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Safeware: System Safety and Computers

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Safeware: System Safety and Computers


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  • Copyright 1995
  • Dimensions: 6-1/4x9-1/4
  • Pages: 704
  • Edition: 1st
  • Book
  • ISBN-10: 0-201-11972-2
  • ISBN-13: 978-0-201-11972-5

We are building systems today--and using computers to control them--that have the potential for large-scale destruction of life and environment. More than ever, software engineers and system developers, as well as their managers, must understand the issues and develop the skills needed to anticipate and prevent accidents before they occur. Professionals should not require a catastrophe to happen before taking action.

Addressing this need in her long-awaited book, Nancy Levenson examines what is currently known about building safe electromagnetic systems and looks at past accidents to see what practical lessons can be applied to new computer-controlled systems.

  • Demonstrates the importance of integrating software safety efforts with system safety engineering
  • Describes models of accidents and human error that underlie particular approaches to safety problems
  • Presents the elements of a software program, including management, hazard analysis, requirements analysis, design for safety, design of the human-machine interface, and verification


Sample Content

Table of Contents

I The Nature Of Risk.

Risk In Modern Society.

Changing Attitudes Toward Risk.

Is Increased Concern Justified?.

Unique Risk Factors in Industrialized Society.

Computers And Risk.

The Role of Computers in Accidents.

Software Myths.

Why Software Engineering is hard.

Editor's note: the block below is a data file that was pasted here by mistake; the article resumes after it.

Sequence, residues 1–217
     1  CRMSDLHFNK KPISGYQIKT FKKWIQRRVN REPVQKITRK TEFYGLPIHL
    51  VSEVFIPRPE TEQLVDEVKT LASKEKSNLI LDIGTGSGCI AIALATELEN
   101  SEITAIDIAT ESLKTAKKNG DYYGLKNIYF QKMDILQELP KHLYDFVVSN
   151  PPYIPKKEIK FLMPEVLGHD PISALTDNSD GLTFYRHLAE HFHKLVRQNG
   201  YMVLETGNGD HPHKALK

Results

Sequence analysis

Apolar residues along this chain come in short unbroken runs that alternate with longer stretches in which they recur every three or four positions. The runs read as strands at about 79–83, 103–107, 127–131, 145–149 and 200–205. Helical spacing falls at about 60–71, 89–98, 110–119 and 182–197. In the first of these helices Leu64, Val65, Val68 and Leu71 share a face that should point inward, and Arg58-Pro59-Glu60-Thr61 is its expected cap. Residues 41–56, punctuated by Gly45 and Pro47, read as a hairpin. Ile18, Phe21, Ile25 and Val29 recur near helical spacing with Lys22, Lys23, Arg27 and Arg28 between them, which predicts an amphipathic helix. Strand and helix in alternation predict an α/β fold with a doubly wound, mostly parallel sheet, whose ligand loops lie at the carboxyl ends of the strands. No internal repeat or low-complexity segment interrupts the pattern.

The Reality We Face.

Causes Of Accidents.

The Concept of Causality.

Flaws in the Safety Culture.

Ineffective Organizational Structure.

Ineffective Technical Activities.

Human Error And Risk.

Do Humans Cause Most Accidents?.

The Need for Humans in Automated Systems.

Human Error as Human-Task Mismatch.


The Role Of Humans In Automated Systems.

Mental Models.

The Human as Monitor.

The Human as Backup.

The Human as Partner.


II Introduction To System Safety.

Foundations Of System Safety.

Safety Engineering Pre-World War II.

Systems Theory.

Systems Engineering.

Systems Analysis.

Fundamentals Of System Safety.

Historical Development.

Basic Concepts.

Software System Safety.

Cost and Effectiveness of System Safety.

Other Approaches To Safety.

Industrial Safety.

Reliability Engineering.

Application-Specific Approaches to Safety.

III Definitions And Models.


Failure and Error.

Accident and Incident.




Safety and Security.

Accident And Human Error Models.

Accident Models.

Human Task and Error Models.


IV Elements Of A Safeware Program.

Managing Safety.

The Role of General Management.

Place in the Organizational Structure.


The System And Software Safety Process.

The General Tasks.

Conceptual Development.


Full-Scale Development.

Production and Deployment.



Hazard Analysis.

The Hazard Analysis Process.

Types of System Models.

General Types of Analysis.

Limitations and Criticisms of Hazard Analysis.

Hazard Analysis Models And Techniques.


Hazard Indices.

Fault Tree Analysis.

Management Oversight and Risk Tree (MORT) Analysis.

Event Tree Analysis.

Cause-Consequence analysis (CCA).

Hazards and Operability Analysis (HAZOP).

Interface Analyses.

Failure Modes and Effects Analysis (FMEA).

Failure Modes, Effects, and Criticality Analysis (FMECA).

Fault Hazard Analysis (FHA).

State Machine Hazard Analysis (SMHA).

Task and Human Error Analysis Techniques.

Evaluations of Hazard Analysis Techniques.

Software Hazard And Requirements Analysis.

Process Considerations.

Requirements Specification Components.

Completeness in Requirements Specifications.

Completeness Criteria for Requirements Analysis.

Constraint Analysis.

Designing For Safety.

The Design Process.

Design Techniques.

Design Modification and Maintenance.

Design Of The Human-Machine Interface.

General Process Considerations.

Matching Tasks to Human Characteristics.

Reducing Safety-Critical Human Errors.

Providing Appropriate Information and Feedback.

Training and Maintaining Skills.

Guidelines for Safe HMI Design.

Verification Of Safety.

Dynamic Analysis.

Static Analysis.

Independent Verification and Validation.



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